I just returned from the National Rainbow Gathering in Northeastern Oregon at a 5,000 foot high National Park where thousands gathered to celebrate love. For those who do not know, Rainbow started in the late Sixties, an extension of Free Love. On the surface, Free Love meant, one no longer had to be married to have sex—remember, the Sixties came out of the repressive Fifties when That Cute Little Doggy in the Window topped the music charts. But those of us who opposed war thought and still think, love is the answer to turmoil. Unique about the Rainbow Gathering is the prohibition on electricity plus cell phones are inoperable forcing participants to confront themselves to live openly with others.
Adding to the reliance on others, the seven day Rainbow Gatherings generally requires a couple of miles hike into the area preventing the bringing of essential supplies. People who have never been before struggle to bring in food but quickly give them to the kitchens who work to feed the Rainbow Family—if you are there, you are part of the Rainbow family. People are surprised and amazed at the primitive infrastructure in place from the beginning; the Rainbow veterans carve trails and put various kitchens throughout the vast confines of the gathering.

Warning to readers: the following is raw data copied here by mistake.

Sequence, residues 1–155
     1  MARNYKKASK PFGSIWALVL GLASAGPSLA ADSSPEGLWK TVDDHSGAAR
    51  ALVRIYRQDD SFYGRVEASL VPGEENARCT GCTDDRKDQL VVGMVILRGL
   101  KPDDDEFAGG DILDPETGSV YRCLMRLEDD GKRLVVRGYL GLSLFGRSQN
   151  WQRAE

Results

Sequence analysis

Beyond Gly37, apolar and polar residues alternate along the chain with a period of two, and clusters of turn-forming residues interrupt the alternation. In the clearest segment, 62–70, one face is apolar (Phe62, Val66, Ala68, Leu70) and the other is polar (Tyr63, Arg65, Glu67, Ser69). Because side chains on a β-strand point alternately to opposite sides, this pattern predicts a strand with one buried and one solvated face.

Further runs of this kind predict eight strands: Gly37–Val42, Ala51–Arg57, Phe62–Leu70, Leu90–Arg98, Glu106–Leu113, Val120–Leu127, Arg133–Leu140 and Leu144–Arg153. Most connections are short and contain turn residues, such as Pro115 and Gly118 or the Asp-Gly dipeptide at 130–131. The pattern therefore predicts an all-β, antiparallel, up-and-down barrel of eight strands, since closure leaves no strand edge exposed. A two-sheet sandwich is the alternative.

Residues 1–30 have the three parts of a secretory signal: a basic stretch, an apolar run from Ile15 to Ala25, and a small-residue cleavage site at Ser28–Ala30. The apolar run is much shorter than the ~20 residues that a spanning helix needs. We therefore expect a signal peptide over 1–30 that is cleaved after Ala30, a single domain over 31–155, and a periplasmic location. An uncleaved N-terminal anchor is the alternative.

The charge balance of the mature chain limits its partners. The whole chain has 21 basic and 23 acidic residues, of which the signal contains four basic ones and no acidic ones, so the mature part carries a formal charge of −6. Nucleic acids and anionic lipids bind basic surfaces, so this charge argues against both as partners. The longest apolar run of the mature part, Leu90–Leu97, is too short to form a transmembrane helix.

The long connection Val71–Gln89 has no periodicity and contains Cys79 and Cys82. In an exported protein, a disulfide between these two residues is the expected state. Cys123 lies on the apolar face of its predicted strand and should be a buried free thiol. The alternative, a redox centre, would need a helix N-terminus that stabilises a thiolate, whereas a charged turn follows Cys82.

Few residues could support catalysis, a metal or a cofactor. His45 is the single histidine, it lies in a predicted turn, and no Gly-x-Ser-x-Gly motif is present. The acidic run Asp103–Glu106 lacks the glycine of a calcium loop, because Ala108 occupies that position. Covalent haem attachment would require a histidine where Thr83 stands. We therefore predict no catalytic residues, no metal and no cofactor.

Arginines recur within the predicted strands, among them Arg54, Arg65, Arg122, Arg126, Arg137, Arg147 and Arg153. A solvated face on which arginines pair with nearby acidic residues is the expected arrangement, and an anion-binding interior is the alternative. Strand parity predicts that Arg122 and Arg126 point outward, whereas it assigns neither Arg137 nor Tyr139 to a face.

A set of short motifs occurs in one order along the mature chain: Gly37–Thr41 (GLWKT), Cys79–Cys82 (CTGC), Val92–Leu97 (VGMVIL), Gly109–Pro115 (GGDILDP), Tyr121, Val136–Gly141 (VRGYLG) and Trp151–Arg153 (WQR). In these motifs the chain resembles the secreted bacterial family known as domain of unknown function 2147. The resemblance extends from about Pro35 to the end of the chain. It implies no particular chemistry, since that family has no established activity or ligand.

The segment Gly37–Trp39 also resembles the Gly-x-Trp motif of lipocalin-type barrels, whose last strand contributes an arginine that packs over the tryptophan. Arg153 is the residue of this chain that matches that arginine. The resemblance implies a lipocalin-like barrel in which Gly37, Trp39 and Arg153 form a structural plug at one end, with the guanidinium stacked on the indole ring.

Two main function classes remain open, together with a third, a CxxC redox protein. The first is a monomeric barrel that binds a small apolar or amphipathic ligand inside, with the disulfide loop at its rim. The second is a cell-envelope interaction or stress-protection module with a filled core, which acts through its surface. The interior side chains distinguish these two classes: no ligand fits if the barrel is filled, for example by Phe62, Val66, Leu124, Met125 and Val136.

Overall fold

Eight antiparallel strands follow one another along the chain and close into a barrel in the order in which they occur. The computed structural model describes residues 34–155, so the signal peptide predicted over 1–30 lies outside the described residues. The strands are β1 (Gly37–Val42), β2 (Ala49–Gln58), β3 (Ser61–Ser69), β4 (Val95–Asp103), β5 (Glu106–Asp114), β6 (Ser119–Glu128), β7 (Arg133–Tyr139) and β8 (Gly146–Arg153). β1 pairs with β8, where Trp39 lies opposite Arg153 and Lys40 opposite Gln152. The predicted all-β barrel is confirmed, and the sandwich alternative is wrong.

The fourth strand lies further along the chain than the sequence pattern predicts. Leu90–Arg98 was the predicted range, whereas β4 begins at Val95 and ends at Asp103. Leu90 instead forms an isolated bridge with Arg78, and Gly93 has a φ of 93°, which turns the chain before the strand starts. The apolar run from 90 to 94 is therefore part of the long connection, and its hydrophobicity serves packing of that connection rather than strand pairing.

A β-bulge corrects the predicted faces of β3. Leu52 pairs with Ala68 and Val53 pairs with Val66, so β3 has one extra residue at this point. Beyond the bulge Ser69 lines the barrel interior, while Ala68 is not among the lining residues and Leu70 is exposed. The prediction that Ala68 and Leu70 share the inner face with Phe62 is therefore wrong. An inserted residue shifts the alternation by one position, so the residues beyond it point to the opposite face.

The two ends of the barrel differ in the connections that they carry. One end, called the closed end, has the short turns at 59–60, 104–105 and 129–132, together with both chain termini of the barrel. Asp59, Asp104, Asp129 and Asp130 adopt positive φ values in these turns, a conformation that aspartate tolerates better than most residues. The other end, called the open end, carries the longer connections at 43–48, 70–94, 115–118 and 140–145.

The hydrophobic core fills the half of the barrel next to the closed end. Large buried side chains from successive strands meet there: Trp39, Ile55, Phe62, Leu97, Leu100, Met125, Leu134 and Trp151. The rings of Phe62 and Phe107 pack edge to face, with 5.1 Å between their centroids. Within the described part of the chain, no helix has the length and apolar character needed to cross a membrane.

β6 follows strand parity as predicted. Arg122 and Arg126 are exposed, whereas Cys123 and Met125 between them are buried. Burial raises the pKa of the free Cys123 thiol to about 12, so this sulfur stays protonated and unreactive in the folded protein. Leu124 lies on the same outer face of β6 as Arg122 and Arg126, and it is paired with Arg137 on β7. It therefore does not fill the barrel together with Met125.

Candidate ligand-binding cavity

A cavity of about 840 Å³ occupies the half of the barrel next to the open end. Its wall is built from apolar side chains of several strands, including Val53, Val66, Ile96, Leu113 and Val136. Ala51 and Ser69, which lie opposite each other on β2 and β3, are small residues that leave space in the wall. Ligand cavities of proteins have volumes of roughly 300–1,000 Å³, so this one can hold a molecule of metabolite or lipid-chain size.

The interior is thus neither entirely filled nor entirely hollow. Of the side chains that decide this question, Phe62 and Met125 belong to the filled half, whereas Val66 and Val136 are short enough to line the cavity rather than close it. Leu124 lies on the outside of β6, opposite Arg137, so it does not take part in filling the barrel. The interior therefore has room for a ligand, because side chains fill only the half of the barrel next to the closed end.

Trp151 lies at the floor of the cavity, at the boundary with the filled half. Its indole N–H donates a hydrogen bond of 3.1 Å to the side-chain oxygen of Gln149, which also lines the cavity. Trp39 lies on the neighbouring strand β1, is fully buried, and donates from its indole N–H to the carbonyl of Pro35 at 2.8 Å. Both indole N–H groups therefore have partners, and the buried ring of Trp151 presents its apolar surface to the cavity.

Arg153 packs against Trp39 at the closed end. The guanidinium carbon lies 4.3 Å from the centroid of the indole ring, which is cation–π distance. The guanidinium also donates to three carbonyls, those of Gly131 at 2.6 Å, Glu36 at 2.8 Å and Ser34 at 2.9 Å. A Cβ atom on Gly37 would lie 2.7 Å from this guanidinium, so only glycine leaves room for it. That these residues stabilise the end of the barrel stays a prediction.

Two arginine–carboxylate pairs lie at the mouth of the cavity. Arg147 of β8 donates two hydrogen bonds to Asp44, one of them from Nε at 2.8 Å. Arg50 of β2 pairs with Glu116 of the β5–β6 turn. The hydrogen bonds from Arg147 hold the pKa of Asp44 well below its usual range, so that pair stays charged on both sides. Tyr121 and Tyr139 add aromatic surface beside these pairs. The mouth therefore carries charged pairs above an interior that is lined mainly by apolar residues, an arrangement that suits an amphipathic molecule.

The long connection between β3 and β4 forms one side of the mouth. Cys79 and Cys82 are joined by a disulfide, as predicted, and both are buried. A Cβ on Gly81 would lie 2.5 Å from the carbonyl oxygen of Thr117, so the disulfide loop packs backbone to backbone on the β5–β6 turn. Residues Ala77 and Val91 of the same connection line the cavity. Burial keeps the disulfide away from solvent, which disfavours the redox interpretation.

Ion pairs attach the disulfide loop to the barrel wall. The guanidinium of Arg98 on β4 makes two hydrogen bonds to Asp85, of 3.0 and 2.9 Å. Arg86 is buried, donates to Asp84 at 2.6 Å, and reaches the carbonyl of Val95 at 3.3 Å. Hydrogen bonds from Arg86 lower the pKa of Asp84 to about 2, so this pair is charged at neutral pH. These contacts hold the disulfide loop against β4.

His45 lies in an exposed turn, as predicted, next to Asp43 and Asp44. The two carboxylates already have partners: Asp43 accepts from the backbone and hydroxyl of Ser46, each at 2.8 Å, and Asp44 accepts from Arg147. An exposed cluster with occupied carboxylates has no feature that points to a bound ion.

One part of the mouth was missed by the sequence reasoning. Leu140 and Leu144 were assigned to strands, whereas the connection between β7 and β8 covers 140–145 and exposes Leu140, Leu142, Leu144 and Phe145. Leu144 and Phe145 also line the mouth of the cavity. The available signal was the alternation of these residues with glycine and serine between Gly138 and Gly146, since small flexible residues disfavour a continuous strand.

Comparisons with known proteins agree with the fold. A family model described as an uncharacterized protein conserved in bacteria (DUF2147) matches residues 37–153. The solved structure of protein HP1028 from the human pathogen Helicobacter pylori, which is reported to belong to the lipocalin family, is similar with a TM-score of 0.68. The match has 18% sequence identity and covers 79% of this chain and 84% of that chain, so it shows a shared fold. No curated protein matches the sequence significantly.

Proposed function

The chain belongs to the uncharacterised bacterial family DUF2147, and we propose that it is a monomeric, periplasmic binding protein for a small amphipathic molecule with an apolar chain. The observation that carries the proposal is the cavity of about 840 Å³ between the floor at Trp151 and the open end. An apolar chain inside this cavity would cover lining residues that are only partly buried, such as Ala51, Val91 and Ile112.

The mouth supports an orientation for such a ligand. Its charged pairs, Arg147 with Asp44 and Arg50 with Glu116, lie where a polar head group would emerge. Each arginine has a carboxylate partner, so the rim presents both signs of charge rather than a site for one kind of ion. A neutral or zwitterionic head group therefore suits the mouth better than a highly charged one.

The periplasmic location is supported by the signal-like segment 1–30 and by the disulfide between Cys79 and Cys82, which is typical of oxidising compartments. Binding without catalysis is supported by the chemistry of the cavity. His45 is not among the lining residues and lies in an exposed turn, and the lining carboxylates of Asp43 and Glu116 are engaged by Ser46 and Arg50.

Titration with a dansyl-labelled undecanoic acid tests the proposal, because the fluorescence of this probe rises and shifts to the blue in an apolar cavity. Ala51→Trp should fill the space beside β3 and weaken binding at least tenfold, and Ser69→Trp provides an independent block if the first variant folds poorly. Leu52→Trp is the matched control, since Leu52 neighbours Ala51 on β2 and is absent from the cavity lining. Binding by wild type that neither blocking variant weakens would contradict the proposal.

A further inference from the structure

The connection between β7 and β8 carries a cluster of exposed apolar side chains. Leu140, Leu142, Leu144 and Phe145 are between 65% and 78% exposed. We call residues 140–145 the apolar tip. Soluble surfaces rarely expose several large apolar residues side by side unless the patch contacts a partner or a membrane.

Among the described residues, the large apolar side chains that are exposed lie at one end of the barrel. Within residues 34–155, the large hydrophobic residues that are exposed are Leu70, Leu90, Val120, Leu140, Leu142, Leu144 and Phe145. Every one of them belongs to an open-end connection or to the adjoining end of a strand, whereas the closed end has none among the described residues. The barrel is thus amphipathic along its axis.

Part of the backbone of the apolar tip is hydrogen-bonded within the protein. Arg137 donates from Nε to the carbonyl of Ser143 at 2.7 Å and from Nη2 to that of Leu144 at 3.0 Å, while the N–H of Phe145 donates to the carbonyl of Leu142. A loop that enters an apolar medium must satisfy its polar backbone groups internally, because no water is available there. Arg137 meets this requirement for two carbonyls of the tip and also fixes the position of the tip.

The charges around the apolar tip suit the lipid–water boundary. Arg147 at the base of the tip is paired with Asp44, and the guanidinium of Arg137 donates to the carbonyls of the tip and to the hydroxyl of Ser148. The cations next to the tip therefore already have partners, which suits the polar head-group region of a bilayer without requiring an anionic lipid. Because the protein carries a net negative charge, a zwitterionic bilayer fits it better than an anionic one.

Some of the kitchens are generational but they are all vegetarian. Weeks before the gathering folks carry in pots, utensils and the raw food needed to feed thousands. Others, using fallen limbs built structures later covered by tarps; fire pits are dug and wherever food goes in, something comes out, thus the Shiter—a long deep trench often hidden behind a fallen log. The workforce is completely volunteer. What these Rainbow Warriors do, they do out of love. Love in Hebrew is Ahev; Hev/To Give, I Give. There is no money in Rainbow, and before night we all gather, thousands of us, with the kitchens in the middle, the servers make their way through concentric circles.
At night there are bonfires and people walking through the forest looking for something, a kitchen or a camp. There is a Hari Krishna Camp, a Jesus Camp, a Camp Shalom and Shit Palace where someone brought in chairs with holes in them. The forest blossomed into a little temporal village for a week. Afterwards people stay and clean up, returning the forest back to her pristine state. Love is so much more than sex. Among the variety of things to do is Granola Funk also known as G Funk where nightly performances are enacted. On the night I went, it was the Gong show.
They say, those who volunteer and those who did not understand the question.